Chicken Little Growth Gets Cooked
The rapid rise and fall of this gimmicky fund illustrates all the traits of a classic bad investment.
Funds that stink are rarely worth a mention. But when a fund fails on every level -- lousy strategy, unproven management, high expenses, a spotty track record, poor board oversight and a cheesy name -- it certainly merits attention.
That's especially so when a state securities regulator claims that the fund's manager is guilty of more than bad judgment.
The fund in question, Chicken Little Growth, rocketed out of the starting gate with a 41% return in its first 12 months of existence. That performance earned it the top spot in our one-year ranking of large-company funds published in the October 2006 issue of Kiplinger's Personal Finance. (We initially contacted the fund's manager, Stephen Coleman, to make sure name of the fund wasn't a joke.)
The reasoning behind the fund's ridiculous name was the first warning sign to investors. Coleman said he chose the name because he thinks most investors are chicken, and he wanted to create a fund for "people who were afraid of the market."
Get past the fund's confusing mandate and you find an incoherent and risky investment strategy. Coleman made concentrated bets. Chicken Little Growth typically held 20 to 25 stocks, and even that understates the degree of concentration.
Three stocks -- Apple (symbol APPL), Caterpillar (CAT) and Advanced Micro Devices (AMD) -- accounted for 56% of the fund's assets, which then stood at $600,000. Apple alone accounted for 35% of its assets.
Coleman only updated his picks once a year. But thanks to outsized bets that worked out, Chicken Little Growth sizzled upon venturing out of the coop. It returned 31% in September 2005, its first full month of operations. That astonishing gain more than compensated for the fund's whopping 3% expense ratio.
But after posting stellar one-year returns, which Coleman touted in press releases, the sky fell on Chicken Little Growth. On December 1, 2006, the fund filed documents with the Securities and Exchange Commission to say that its adviser -- Coleman's St. Louis-based Chicken Little Fund Group -- couldn't afford to pay all the expenses the fund had generated.
As a result, the fund's board of directors approved a one-time reduction of net asset value by 32 cents a share, or 2%, to cover the costs. On December 4, 2006, the adviser reimbursed the fund for all costs the firm was supposed to have covered in the first place and investors were made whole.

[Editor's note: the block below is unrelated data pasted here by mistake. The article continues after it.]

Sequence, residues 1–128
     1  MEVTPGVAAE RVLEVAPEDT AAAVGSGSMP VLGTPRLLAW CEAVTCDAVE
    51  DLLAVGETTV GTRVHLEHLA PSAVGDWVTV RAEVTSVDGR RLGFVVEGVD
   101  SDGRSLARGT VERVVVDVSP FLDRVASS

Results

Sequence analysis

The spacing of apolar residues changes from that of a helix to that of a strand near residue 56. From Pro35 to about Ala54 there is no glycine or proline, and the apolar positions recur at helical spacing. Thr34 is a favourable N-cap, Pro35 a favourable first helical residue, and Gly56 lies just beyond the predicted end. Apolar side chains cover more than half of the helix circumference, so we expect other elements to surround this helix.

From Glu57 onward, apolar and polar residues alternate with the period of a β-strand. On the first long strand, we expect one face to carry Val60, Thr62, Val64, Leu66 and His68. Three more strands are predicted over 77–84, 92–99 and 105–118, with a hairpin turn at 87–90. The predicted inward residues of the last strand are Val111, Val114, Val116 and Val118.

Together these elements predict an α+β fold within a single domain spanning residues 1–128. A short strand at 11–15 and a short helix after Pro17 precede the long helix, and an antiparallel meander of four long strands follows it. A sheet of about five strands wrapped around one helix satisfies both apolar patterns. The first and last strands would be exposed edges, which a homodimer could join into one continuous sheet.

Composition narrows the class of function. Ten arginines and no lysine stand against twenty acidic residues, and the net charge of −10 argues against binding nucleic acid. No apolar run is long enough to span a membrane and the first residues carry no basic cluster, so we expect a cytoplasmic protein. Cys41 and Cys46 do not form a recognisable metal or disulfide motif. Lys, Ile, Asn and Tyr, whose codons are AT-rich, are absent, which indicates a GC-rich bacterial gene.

But soon thereafter Coleman's company warned once again that the fund might not be able to meet all of its expenses and, last January, after just 16 months of existence, Chicken Little's directors liquidated the fund.
But there's more to the story than just disastrous fund management. Missouri Commissioner of Securities Matt Kitzi claims that Coleman has made untrue statements, omitted material information and schemed to defraud investors in Chicken Little Growth.
Kitzi filed two enforcement orders against Coleman and his companies November 1. The first order accuses Coleman of fraud, and the second seeks to revoke his investment-adviser license as well as the licenses of his two companies, Daedalus Capital and Chicken Little Fund Group. Regulators also want Coleman to pay $200,000 in civil penalties and costs.
The majority of the money invested in Chicken Little Growth went to pay for Coleman's salary, a financial plan for him and his wife and a $100,000 personal tax lien, regulators say. According to the order, Coleman never told his clients that their money would be used for his personal expenses and failed to disclose to investors that two lawsuits had been filed against him for breach of contract.
Coleman has until December 1 to request a hearing to dispute the fraud charges and civil penalties. "We feel very good about our situation," Coleman says. He directed all questions about Chicken Little Growth to his lawyer and brother, Larry Coleman, who declined to comment further.
Regardless of Coleman's fate, Chicken Little Growth fund stands as sterling example of the type of fund all investors should avoid. Instead look for funds with reasonable costs and veteran managers who consistently generate benchmark-beating returns and employ a strategy you can understand. The Kiplinger 25 is a great place to start your search.